Italian Lessons


Adapting to Adatto and Adattare

This week, Arianna has her job interview for a marketing position. It turns out that her potential employer thinks she would be very suitable for the job. Ottime notizie (great news)! But the Italian word for “suitable” isn’t so easy to guess.

Be' Arianna, Lei mi sembra che sia proprio adatta a questo posto.

Well, Arianna. You seem very suitable for this position.

Caption 52, Italiano commerciale - Colloquio di lavoro - Part 2

 Play Caption


So the adjective is adatto. We use it to say “suitable” as above, “fitting,” “appropriate,”  “ideal,” or “right,” also when speaking in the negative as in the following example.

Anche se, certo, non è il momento adatto.

Even though, naturally, it's not the appropriate moment.

Caption 8, Il Commissario Manara - S1EP9 - Morte in paradiso - Part 3

 Play Caption


When you’re looking for the right word in Italian, you can say,

Non trovo la parola adatta.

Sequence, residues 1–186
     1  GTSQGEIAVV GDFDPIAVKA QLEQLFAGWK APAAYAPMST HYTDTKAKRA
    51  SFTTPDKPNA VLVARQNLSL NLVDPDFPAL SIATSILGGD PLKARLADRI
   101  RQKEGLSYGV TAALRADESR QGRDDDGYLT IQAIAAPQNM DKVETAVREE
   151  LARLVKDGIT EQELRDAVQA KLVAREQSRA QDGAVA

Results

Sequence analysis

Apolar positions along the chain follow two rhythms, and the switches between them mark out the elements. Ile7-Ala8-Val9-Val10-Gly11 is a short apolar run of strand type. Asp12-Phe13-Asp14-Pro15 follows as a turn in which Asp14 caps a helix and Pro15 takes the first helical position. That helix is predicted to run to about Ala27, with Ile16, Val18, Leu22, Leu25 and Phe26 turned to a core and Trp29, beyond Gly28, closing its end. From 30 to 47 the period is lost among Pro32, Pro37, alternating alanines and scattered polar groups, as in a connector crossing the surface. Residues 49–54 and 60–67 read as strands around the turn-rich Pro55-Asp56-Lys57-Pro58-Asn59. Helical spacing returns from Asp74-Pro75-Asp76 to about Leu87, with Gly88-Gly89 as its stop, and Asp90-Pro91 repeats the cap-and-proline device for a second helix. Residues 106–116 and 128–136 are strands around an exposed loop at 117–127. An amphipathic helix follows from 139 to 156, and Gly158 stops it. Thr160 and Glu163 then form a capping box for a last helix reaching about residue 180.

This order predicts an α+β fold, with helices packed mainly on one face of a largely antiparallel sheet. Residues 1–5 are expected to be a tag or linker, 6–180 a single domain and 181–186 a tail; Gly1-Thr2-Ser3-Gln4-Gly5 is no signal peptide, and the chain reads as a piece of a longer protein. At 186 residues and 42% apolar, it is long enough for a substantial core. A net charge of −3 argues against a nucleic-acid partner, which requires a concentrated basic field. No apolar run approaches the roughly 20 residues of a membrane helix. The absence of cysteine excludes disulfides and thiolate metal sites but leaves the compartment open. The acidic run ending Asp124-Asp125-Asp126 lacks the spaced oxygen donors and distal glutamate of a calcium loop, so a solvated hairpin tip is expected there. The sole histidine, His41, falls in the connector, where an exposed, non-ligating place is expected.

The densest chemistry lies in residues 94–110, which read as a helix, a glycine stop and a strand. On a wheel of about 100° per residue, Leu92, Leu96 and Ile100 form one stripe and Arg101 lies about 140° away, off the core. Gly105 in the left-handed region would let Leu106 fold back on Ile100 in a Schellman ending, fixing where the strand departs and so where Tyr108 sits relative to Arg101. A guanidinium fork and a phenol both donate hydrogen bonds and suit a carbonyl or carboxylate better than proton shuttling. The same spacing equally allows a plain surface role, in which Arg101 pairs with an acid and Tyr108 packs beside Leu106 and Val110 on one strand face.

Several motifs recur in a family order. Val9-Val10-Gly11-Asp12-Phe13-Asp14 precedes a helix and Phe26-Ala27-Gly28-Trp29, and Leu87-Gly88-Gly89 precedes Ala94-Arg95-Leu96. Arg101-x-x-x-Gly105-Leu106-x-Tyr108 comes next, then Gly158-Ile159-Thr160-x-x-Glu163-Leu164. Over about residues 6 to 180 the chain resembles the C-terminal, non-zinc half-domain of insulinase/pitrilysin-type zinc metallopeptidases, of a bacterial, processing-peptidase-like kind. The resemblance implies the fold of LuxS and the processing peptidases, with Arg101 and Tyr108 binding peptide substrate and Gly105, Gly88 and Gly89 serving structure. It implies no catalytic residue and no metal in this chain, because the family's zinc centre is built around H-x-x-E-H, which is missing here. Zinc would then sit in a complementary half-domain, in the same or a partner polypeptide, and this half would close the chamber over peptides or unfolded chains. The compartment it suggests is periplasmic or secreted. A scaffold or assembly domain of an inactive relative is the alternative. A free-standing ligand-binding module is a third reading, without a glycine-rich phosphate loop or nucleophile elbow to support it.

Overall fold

I can’t find the right word.


Non è proprio la parola adatta, ma forse si capisce.
It’s not really the right/appropriate word, but maybe you get my meaning.


There is a verb that is a close relative: adattare. The basic meaning of this verb is “to make something become suitable.” So you can adapt something, with the transitive form ofadattare, and that something becomes adatto (suitable).

Per cui ho sempre visto fare grandi cose adattate poi alla cucina del mercato.

So I've always seen them do great things, adapted, subsequently, to the cuisine of the marketplace.

Caption 40, L'arte della cucina - La Prima Identitá - Part 12

 Play Caption


The reflexive form takes a preposition, much like the English.

Mi sono adattata fin da subito alla cucina italiana.
adapted to Italian cuisine right away.


A verb often becomes an adjective by way of its past participle. Let's take, for example, the verb pulire (to clean). The past participle is pulito (cleaned)We can say ho pulito il bagno (Icleaned the bathroom/I've cleaned the bathroom), il bagno è stato pulito (the bathroom was cleaned), or il bagno è pulito (the bathroom is clean). In Italian, the adjective pulito (clean) is identical to the past participle pulito (cleaned), and comes from the verb.


But with adatto and adattare, it's different. It's just something to remember.


In a nutshell:

Adjective: adatto (suitable)
Verb: adattare-adattarsi (to adapt), with its regular past participle, adattato (adapted).


Just for fun:


To set the scene: You arrive in your new apartment with all your furniture from the old apartment, especially one of your favorite pieces, a bookcase.